CompTIA Security Plus Mock Test Q563

A user commuting to work via public transport received an offensive image on their smart phone from another commuter. Which of the following attacks MOST likely took place?

A. War chalking
B. Bluejacking
C. War driving
D. Bluesnarfing


Correct Answer: B
Section: Threats and Vulnerabilities

Explanation:
The question states that the ‘attack’ took place on public transport and was received on a smartphone. Therefore, it is most likely that the image was sent using Bluetooth.
Bluejacking is the sending of unsolicited messages over Bluetooth to Bluetooth-enabled devices such as mobile phones, PDAs or laptop computers, sending a vCard which typically contains a message in the name field (i.e., for bluedating or bluechat) to another Bluetooth-enabled device via the OBEX protocol.
Bluetooth has a very limited range, usually around 10 metres (32.8 ft) on mobile phones, but laptops can reach up to 100 metres (328 ft) with powerful (Class 1) transmitters.
Bluejacking is usually harmless, but because bluejacked people generally don’t know what has happened, they may think that their phone is malfunctioning. Usually, a bluejacker will only send a text message, but with modern phones it’s possible to send images or sounds as well. Bluejacking has been used in guerrilla marketing campaigns to promote advergames.

Incorrect Answers:
A: War chalking is the act of making chalk marks on outdoor surfaces (walls, sidewalks, buildings, sign posts, trees) to indicate the existence of an open wireless network connection, usually offering an Internet connection so that others can benefit from the free wireless access. The open connections typically come from the access points of wireless networks located within buildings to serve enterprises. The chalk symbols indicate the type of access point that is available at that specific spot. War chalking is not used to send unsolicited files over Bluetooth.
C: War driving, also called access point mapping, is the act of locating and possibly exploiting connections to wireless local area networks while driving around a city or elsewhere. To do war driving, you need a vehicle, a computer (which can be a laptop), a wireless Ethernet card set to work in promiscuous mode, and some kind of an antenna which can be mounted on top of or positioned inside the car. Because a wireless LAN may have a range that extends beyond an office building, an outside user may be able to intrude into the network, obtain a free Internet connection, and possibly gain access to company records and other resources. War driving is not used to send offensive images over Bluetooth.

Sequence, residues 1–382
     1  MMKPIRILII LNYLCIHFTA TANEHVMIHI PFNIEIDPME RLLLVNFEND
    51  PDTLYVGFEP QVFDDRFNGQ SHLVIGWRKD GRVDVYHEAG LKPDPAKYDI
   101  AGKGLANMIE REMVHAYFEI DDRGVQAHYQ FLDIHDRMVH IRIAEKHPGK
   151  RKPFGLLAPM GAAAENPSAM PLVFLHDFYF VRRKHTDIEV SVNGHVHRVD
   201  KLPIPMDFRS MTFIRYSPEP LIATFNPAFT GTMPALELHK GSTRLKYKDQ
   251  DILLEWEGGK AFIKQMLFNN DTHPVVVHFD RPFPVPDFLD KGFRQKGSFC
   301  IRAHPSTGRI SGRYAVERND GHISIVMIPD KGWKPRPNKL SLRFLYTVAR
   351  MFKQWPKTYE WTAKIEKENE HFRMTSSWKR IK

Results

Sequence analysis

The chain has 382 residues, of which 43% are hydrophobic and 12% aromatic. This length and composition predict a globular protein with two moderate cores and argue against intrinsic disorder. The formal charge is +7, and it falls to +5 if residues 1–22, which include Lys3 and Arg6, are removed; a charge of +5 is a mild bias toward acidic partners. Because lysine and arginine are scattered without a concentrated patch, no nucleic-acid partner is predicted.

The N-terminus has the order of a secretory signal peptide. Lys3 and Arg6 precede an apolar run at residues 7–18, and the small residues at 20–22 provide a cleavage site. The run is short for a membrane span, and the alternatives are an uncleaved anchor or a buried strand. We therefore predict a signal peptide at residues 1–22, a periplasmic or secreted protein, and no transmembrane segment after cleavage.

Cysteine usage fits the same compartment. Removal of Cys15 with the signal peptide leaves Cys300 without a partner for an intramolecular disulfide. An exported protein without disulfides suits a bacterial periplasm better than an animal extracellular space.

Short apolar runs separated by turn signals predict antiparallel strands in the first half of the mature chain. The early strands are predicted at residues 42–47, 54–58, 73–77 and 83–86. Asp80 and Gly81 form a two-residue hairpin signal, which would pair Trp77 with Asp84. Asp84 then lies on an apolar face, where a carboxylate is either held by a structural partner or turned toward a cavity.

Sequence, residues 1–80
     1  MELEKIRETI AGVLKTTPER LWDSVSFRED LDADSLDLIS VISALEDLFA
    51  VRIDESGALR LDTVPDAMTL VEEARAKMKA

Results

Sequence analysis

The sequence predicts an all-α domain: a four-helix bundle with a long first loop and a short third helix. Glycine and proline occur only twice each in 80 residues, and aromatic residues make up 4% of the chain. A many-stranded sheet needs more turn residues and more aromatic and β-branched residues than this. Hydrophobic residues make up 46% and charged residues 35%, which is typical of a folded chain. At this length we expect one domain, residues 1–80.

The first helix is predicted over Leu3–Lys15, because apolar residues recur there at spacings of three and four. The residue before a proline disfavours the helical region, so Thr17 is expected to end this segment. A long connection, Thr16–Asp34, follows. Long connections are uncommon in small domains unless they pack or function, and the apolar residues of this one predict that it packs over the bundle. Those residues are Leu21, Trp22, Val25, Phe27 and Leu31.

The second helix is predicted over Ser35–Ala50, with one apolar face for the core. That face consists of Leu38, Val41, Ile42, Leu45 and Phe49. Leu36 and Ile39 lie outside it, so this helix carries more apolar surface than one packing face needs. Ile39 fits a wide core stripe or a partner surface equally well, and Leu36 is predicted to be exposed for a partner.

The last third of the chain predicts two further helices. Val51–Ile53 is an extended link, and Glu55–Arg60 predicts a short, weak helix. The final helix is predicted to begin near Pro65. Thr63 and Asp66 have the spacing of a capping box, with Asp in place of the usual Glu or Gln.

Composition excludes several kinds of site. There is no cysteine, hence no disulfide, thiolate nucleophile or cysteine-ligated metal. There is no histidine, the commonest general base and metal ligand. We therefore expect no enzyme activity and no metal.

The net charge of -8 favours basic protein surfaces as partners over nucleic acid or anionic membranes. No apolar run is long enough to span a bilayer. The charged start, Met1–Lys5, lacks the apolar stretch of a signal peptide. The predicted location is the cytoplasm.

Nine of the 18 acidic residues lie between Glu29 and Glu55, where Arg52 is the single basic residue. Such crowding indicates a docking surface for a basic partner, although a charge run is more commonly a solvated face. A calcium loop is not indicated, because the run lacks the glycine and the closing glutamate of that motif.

D: Bluesnarfing is the theft of information from a wireless device through a Bluetooth connection. Bluetooth is a high-speed but very short-range wireless technology for exchanging data between desktop and mobile computers, personal digital assistants (PDAs), and other devices. By exploiting a vulnerability in the way Bluetooth is implemented on a mobile phone, an attacker can access information — such as the user’s calendar, contact list and e-mail and text messages — without leaving any evidence of the attack. Other devices that use Bluetooth, such as laptop computers, may also be vulnerable, although to a lesser extent, by virtue of their more complex systems. Operating in invisible mode protects some devices, but others are vulnerable as long as Bluetooth is enabled. Bluesnarfing is stealing information over Bluetooth; it is not used to send offensive images to a mobile device.

References:
http://en.wikipedia.org/wiki/Bluejacking
http://www.webopedia.com/TERM/W/warchalking.html
http://searchmobilecomputing.techtarget.com/definition/war-driving
http://searchmobilecomputing.techtarget.com/definition/bluesnarfing